“What is imagination but your lost child born to give birth to you?”
++++++++++++++++++++++++++++++—Robert Pinsky


Tuesday, February 21, 2017
7:30 pm, Neilson Browsing Room

LAURA KASISCHKE writes trenchant, provocative light/dark poems, bending matter at will and transforming the commonplace into the luminous real. “The writing of poetry is its own reward,” she says in an interview, “because poetry’s so ancient and sacred and strange.” These qualities are manifested throughout her work. The intricate universe of each poem allows Kasischke to embody the confessional in hundreds of different atmospheres and voices, which may be why Boston Review writer Stephen Burt described her as “the poet of high school cliques remembered and terminal wards observed”—her range truly spans from birth to death.

Kasischke is the author of ten collections of poems, most recently The Infinitesimals and Space, in Chains. A literary multi-talent, she has also written ten novels and a collection of short stories. The film adaptation of her novel The Life Before Her Eyes, starring Uma Thurman and Evan Rachel Wood, was praised by Vanity Fair’s Graham Fuller as “a beautifully etched, haunting meditation on the choices young women make.” Among her many honors are the National Book Critics Circle Award and a fellowship from the Guggenheim Foundation. Kasischke lives in Michigan and teaches at the University of Michigan in Ann Arbor.


Tuesday, March 7, 2017
7:30 pm, Neilson Browsing Room

In the words of Khaled Mattawa, a Chancellor of the Academy of American Poets, TARFIA FAIZULLAH “twines a seam where wounds are re-membered, fingers quivering, spooling and unspooling what we know of healing.” On a Fulbright fellowship to Bangladesh, she interviewed some of the birangona—victims, during the 1971 Liberation War, of the most wide-scale atrocities committed against women in world history. Seam, winner of the Crab Orchard’s First Book Award, mingles poems about the birangona with those that describe the speaker’s journey, creating what poet Aimee Nezhukumatathil calls “a stunning double-portrait of the artist as the visitor and as the visited.”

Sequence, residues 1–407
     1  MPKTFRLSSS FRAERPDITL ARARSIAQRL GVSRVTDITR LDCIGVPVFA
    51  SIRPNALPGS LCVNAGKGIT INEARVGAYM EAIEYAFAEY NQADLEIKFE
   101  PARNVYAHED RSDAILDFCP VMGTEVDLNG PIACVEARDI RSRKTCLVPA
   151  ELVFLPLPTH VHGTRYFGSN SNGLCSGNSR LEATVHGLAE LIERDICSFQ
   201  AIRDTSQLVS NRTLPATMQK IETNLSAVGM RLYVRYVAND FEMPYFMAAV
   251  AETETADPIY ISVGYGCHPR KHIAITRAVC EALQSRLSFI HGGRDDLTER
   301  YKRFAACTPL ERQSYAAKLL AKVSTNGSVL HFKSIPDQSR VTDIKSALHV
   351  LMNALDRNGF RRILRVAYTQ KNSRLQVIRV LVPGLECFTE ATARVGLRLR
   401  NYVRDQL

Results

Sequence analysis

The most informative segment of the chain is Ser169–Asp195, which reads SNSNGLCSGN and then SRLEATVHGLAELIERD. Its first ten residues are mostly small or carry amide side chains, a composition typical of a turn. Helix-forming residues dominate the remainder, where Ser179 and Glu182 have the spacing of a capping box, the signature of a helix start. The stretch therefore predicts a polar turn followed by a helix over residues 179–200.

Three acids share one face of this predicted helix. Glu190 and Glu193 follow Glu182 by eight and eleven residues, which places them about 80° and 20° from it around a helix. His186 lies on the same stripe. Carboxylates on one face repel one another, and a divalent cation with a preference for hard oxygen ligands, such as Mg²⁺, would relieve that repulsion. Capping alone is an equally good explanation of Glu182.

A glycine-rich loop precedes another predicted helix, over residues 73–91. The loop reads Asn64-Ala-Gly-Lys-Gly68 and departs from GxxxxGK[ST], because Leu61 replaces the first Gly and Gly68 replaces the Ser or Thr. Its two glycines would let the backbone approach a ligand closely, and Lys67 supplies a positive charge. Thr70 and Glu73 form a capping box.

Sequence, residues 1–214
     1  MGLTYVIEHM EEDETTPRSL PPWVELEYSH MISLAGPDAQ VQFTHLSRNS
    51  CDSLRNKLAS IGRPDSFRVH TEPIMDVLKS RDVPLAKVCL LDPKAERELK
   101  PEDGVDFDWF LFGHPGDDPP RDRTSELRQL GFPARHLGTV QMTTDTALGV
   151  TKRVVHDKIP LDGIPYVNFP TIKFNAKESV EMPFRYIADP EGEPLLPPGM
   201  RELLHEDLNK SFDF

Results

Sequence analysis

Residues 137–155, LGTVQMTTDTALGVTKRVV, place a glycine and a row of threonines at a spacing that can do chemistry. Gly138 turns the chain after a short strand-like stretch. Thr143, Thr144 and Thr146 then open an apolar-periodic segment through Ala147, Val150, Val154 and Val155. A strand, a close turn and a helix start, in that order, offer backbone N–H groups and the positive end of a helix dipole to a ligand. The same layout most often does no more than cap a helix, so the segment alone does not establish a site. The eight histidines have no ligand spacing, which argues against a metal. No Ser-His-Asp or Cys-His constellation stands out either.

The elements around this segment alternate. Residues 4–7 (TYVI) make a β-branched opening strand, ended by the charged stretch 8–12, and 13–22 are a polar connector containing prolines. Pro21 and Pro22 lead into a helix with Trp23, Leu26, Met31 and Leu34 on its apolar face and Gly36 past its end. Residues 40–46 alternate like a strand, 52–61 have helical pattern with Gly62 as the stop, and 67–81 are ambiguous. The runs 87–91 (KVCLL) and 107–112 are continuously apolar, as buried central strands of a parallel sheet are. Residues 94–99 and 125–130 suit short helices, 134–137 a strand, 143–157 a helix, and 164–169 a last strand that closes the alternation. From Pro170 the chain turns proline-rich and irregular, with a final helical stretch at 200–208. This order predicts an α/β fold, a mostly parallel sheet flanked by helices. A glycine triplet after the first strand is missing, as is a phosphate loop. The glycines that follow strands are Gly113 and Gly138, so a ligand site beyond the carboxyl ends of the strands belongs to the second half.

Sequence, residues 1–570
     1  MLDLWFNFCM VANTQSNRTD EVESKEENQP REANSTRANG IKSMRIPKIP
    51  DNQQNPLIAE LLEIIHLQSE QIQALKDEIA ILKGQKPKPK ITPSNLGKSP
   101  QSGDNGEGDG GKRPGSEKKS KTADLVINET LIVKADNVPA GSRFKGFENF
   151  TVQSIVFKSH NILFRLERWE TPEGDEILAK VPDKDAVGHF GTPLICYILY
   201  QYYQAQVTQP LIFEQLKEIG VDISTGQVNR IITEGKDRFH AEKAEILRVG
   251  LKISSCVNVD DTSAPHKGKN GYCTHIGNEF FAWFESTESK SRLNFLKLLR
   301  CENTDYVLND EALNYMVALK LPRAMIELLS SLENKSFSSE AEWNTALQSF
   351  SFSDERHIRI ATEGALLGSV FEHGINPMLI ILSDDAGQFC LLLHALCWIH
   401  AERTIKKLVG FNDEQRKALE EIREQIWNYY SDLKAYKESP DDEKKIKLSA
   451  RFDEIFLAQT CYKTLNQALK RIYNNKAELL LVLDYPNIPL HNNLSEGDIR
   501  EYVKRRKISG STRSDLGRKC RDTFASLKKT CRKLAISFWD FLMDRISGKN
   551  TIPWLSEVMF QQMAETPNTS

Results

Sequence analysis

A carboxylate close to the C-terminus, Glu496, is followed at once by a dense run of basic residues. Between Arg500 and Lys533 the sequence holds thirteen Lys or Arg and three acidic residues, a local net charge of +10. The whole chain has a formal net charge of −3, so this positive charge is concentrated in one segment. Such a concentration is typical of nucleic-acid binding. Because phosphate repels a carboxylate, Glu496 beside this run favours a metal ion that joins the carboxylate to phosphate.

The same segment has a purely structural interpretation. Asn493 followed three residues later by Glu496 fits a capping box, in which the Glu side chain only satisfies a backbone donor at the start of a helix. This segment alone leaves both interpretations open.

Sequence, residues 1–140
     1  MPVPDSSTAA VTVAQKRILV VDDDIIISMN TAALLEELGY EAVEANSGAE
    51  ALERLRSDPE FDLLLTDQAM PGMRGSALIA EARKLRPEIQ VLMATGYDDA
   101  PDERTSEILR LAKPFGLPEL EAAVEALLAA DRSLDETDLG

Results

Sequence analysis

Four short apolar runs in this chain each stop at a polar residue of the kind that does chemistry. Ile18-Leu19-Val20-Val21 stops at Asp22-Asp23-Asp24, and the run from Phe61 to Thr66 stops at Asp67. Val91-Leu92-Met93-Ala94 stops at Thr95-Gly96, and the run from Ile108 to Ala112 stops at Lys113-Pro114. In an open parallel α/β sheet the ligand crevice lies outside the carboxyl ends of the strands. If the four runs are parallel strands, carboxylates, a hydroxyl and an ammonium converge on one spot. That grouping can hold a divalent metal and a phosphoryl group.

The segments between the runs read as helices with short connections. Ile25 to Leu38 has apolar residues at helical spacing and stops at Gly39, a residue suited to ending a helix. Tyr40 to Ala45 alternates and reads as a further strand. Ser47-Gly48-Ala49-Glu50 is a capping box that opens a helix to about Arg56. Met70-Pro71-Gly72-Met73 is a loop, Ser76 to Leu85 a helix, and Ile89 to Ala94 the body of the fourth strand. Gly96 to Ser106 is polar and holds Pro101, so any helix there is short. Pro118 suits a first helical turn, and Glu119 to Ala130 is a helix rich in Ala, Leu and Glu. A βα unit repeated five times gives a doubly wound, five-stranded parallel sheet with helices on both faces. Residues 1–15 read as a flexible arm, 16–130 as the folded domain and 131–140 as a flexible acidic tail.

Faizullah’s other honors include the Dorothy Sargent Rosenberg Prize, the VIDA award in poetry, and the Ploughshares Cohen Award. She has also been the recipient of fellowships from Kundiman and the Bread Loaf Writer’s Conference. Along with co-directing the Organic Weapon Arts chapbook press and video series with Jamaal May, Faizullah is the Nicholas Delbanco Visiting Professor of Poetry in the Helen Zell Writers’ Program at the University of Michigan. Her next book, Register of Eliminated Villages, will be published by Graywolf Press in 2017.

Winner of the Alice James Award, JAMAAL MAY’s wildly successful Hum catalogues the anxiety and wizardry of machines. U.S. Poet Laureate Natasha Trethewey calls this percussive and playful debut “a meditation on the machinery of living,” and the L.A. Times praises it as “skillful and nuanced in its surprising approach to the nature (and nurture) of identity.” May was born and raised in Detroit, Michigan, the setting and centerpiece of his mechanical whirr and buzz. Hum also garnered a 2014 Notable Book Award from the American Library Association and a spot on The Boston Globe’s list of best books in 2013. In his recently-released second collection, The Big Book of Exit Strategies, he revisits the stark beauty and pain of Detroit, and sets his gaze further afield to explore other moral and political challenges. Publishers Weekly marveled at the way “each line seems to turn the next, like a skeleton key opening an endless hallway of doors.”

 May has been a fellow at Cave Canem and the Civitella Ranieri Foundation in Italy, and serves as contributing editor of The Kenyon Review, and co-founder, with Tarfia Faizullah, of the Organic Weapon Arts chapbook press and video series.


Tuesday, March 21, 2017
7:30 pm, Neilson Browsing Room  

Poet and anthropologist Renato Rosaldo is the author of Culture and Truth: The Remaking of Social Analysis and Ilongot Headhunting, 1883–1974, as well as two award-winning collections of poems. His most recent, The Day of Shelly’s Death, recounts the tragic death of his wife in a Philippine village on the eve of their beginning field work with the Ilongot people. He has described the book—which employs poetry, prose, multiple speakers, sketches, and maps—as antropoesía, verse with an ethnographic sensibility. In Yusef Komunyakaa’s words, it “becomes an inventive, lived trope for our time—not afraid of the human dimension.”